In the Journals

Outbreak of M. chelonae attributed to premixed tattoo ink

An outbreak of Mycobacterium chelonae skin and soft tissue infections in Rochester, N.Y., was attributed to premixed ink used for tattoos, researchers from the Monroe County Department of Public Health reported.

The outbreak affected 19 people from October to December 2011. Within 3 weeks of receiving a tattoo, they experienced a persistent, raised, erythematous rash in the area where they received tattoos. All patients received their tattoos from a single artist who used premixed gray ink.

The index patient was reported by a dermatologist who treated a man aged 20 years who had previously received several tattoos with no reported problems. A biopsy specimen showed presence of M. chelonae. Upon interviewing the man, investigators from the Monroe County Department of Public Health visited the tattoo parlor and learned that he had been using a new premixed ink.

The investigators obtained a list of patrons from the tattoo artist and contacted the patrons to identify cases of infections. Also, they contacted a regional pathology laboratory to have them report any cases of ink-related granulomatous reactions.

The rate of infection increased from zero in May through August and peaked at 65% in November. The rashes were in areas of the skin that were tattooed with the premixed gray ink. Biopsy specimens were obtained from 17 of the patients, and M. chelonae was confirmed in 14 of the specimens. Eighteen patients received appropriate antibiotics.

In response, the Department of Public Health confiscated the remaining bottles of premixed ink and educated tattoo artists and patrons about the infection at a tattoo trade show in the city. The CDC also issued a nationwide alert about the outbreak.

“Since tattooing has become more popular over time, the incidence of cutaneous mycobacterial infections may be underestimated, given the lack of both routine testing and mandated reporting,” the researchers wrote. “Although contamination in tattoo parlors has been implicated in previous outbreaks, our investigation of this outbreak shows that premixed ink contaminated before distribution poses a risk to public health, which may suggest the need for enhanced oversight of not just tattooing, but also the inks used in tattooing to ensure public safety.”

Disclosure: One researcher reported a financial relationship with Bayer Corp.

An outbreak of Mycobacterium chelonae skin and soft tissue infections in Rochester, N.Y., was attributed to premixed ink used for tattoos, researchers from the Monroe County Department of Public Health reported.

The outbreak affected 19 people from October to December 2011. Within 3 weeks of receiving a tattoo, they experienced a persistent, raised, erythematous rash in the area where they received tattoos. All patients received their tattoos from a single artist who used premixed gray ink.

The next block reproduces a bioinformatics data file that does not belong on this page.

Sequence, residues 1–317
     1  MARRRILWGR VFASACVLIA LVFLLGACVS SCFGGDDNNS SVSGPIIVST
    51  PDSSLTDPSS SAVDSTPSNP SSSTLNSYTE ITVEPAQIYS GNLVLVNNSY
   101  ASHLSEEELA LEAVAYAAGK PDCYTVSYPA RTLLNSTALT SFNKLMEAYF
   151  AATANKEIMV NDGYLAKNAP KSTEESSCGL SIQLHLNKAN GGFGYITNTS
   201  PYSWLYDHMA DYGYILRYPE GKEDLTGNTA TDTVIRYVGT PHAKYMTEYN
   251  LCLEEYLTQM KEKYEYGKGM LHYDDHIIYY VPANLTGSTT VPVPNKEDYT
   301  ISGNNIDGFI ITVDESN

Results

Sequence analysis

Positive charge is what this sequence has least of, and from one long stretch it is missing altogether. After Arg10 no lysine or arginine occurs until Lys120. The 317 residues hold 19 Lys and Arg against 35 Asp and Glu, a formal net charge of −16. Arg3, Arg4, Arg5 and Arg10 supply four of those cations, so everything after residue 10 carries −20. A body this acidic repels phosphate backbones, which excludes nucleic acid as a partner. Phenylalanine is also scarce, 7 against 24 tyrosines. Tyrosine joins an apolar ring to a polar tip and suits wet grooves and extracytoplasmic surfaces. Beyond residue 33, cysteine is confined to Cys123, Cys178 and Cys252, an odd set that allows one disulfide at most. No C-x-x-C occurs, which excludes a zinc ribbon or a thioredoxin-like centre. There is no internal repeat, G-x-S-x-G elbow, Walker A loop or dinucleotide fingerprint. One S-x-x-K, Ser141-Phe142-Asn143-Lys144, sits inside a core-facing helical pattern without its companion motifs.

The index patient was reported by a dermatologist who treated a man aged 20 years who had previously received several tattoos with no reported problems. A biopsy specimen showed presence of M. chelonae. Upon interviewing the man, investigators from the Monroe County Department of Public Health visited the tattoo parlor and learned that he had been using a new premixed ink.

The investigators obtained a list of patrons from the tattoo artist and contacted the patrons to identify cases of infections. Also, they contacted a regional pathology laboratory to have them report any cases of ink-related granulomatous reactions.

The rate of infection increased from zero in May through August and peaked at 65% in November. The rashes were in areas of the skin that were tattooed with the premixed gray ink. Biopsy specimens were obtained from 17 of the patients, and M. chelonae was confirmed in 14 of the specimens. Eighteen patients received appropriate antibiotics.

In response, the Department of Public Health confiscated the remaining bottles of premixed ink and educated tattoo artists and patrons about the infection at a tattoo trade show in the city. The CDC also issued a nationwide alert about the outbreak.

“Since tattooing has become more popular over time, the incidence of cutaneous mycobacterial infections may be underestimated, given the lack of both routine testing and mandated reporting,” the researchers wrote. “Although contamination in tattoo parlors has been implicated in previous outbreaks, our investigation of this outbreak shows that premixed ink contaminated before distribution poses a risk to public health, which may suggest the need for enhanced oversight of not just tattooing, but also the inks used in tattooing to ensure public safety.”

Disclosure: One researcher reported a financial relationship with Bayer Corp.